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Tabboule Changes Hands and Some Dishes

A return to Tabboule shows good food and uneven service

Tabboule is a Lebanese restaurant in the King’s shopping center with a convoluted past. We  the shop in January, but ownership has since changed, and with it both the decor and the menu. 

“We added additional Lebanese dishes,” said owner Mike Abdou, who says he and his wife Amy took over in January after a confused negotiation with the previous owners. “We also added extra deserts, like our kenafeh. We also added to the menu more kid-friendly dishes like wings and burgers.”

With that in mind we approached the restaurant anew. Mrs. Abdou, who Mr. Abdou said was an interior designer, had redecorated–the ceiling now sports an arched faux-skybox, and new paintings adorn the walls. The space is small and still laid out cafeteria-style, with a large counter filling much of the room. 

We started with the falafel, recommended by the owner, who told us it was “probably the best in falafel in the tri-state area.” It is, in fact, great–crisp on the outside with a flavorful inside, it’s a great start to a meal. 

The grilled mushrooms are heavily spiced, texturing them and giving a new twist a familiar dish. With a moist inside that steamed when we cut them open, the mushrooms were a treat. 

I had the veggie combo for our main course, while my partner ordered the beef kabob. The combo brought more falafel, fried eggplant and cauliflower, and a vegetable omelet backed up by cilantro potatoes, all with tahini sauce. The variation was nice, if uneven–the cauliflower was good, while the omelet was a little dry, and the eggplant fell somewhere in between. The potatoes rounded the dish with a rich, crisp flavor.

The beef kabob was very good, its spices and components cooked together rather than separately, and all of it served on a bed of lettuce and spiced rice.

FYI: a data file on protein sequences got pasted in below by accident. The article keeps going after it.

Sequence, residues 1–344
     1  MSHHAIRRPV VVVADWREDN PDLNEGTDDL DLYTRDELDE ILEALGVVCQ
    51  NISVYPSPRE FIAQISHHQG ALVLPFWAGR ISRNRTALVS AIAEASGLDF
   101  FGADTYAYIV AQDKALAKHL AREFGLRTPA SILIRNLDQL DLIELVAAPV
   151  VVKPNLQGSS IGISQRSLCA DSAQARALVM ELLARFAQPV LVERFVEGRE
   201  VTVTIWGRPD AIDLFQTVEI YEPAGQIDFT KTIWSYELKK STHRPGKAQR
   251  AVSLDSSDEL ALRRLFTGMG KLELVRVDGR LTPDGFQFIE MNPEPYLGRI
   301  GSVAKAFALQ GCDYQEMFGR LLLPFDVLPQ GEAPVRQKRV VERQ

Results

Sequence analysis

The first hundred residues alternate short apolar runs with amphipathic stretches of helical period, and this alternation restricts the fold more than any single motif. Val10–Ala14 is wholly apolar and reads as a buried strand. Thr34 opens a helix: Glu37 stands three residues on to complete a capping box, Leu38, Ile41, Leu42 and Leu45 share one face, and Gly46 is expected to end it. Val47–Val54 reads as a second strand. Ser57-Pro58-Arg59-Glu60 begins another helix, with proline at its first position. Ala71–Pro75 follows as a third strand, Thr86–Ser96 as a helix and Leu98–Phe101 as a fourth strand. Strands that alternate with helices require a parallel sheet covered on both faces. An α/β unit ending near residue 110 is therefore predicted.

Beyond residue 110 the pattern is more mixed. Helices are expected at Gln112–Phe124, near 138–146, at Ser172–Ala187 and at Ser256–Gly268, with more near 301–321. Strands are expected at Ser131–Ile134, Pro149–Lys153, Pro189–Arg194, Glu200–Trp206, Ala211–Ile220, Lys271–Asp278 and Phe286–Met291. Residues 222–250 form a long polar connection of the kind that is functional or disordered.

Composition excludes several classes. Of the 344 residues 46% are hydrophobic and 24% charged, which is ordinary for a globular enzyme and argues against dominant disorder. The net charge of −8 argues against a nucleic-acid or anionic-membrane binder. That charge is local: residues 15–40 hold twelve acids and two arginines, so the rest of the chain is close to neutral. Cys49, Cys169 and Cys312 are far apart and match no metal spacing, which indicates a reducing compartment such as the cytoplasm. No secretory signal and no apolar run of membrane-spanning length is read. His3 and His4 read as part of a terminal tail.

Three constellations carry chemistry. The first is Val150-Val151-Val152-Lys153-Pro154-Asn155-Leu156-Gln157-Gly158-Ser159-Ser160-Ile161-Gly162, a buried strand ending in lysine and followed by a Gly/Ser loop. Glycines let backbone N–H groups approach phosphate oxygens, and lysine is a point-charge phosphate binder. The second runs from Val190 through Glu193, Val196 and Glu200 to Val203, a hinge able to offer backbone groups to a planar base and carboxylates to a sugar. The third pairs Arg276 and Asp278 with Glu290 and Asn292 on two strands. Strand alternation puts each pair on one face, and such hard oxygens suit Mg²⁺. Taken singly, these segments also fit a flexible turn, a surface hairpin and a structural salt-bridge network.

Soda and water are offered by the can and the bottle–there is no such thing as “just a glass of water” here. If you’re in the mood for something sweet, though, it would be worth the extra 50 cents to spring for a Lebanese lemonade, which has a unique flavor of added rosewater. 

For desert, we opted for the Lebanese-style rice pudding, but sadly they were out–we were offered milk pudding instead, which we accepted. It was interestingly garnished, and the pudding flavorful if somewhat plain–I could not help a pang of longing for the absent rice. 

We visited twice, and were served by two different people each time. The first time, we were served by a waiter whom I later learned to be the manager. The service was less than perfect–our server was unhelpful and terse when asked questions about the menu.

On our second visit, we were served by a waitress, who was friendly, polite and very helpful. The service this time was much better than on our first trip.

Later, while trying to get in contact with the owner for the purposes of this review, the manager was outright rude. It was very difficult to get a clear answer as to who owned the store, when they would be in, or if there was any time I could reach them. This went on for several weeks over numerous tense and unhelpful conversations until Abdou was finally made available.

“I’ve been eating here for three years,” said Mike Abdou. “My background is in sales and marketing... my wife’s passion is the food industry.”

Abdou emphasized the vegetarian dishes on the menu, which do offer a good range of choices for those who would leave meat out of their dining experience. He also recommended the shawerma, similar to a gyro.

 James Kleimann contributed to this report. 

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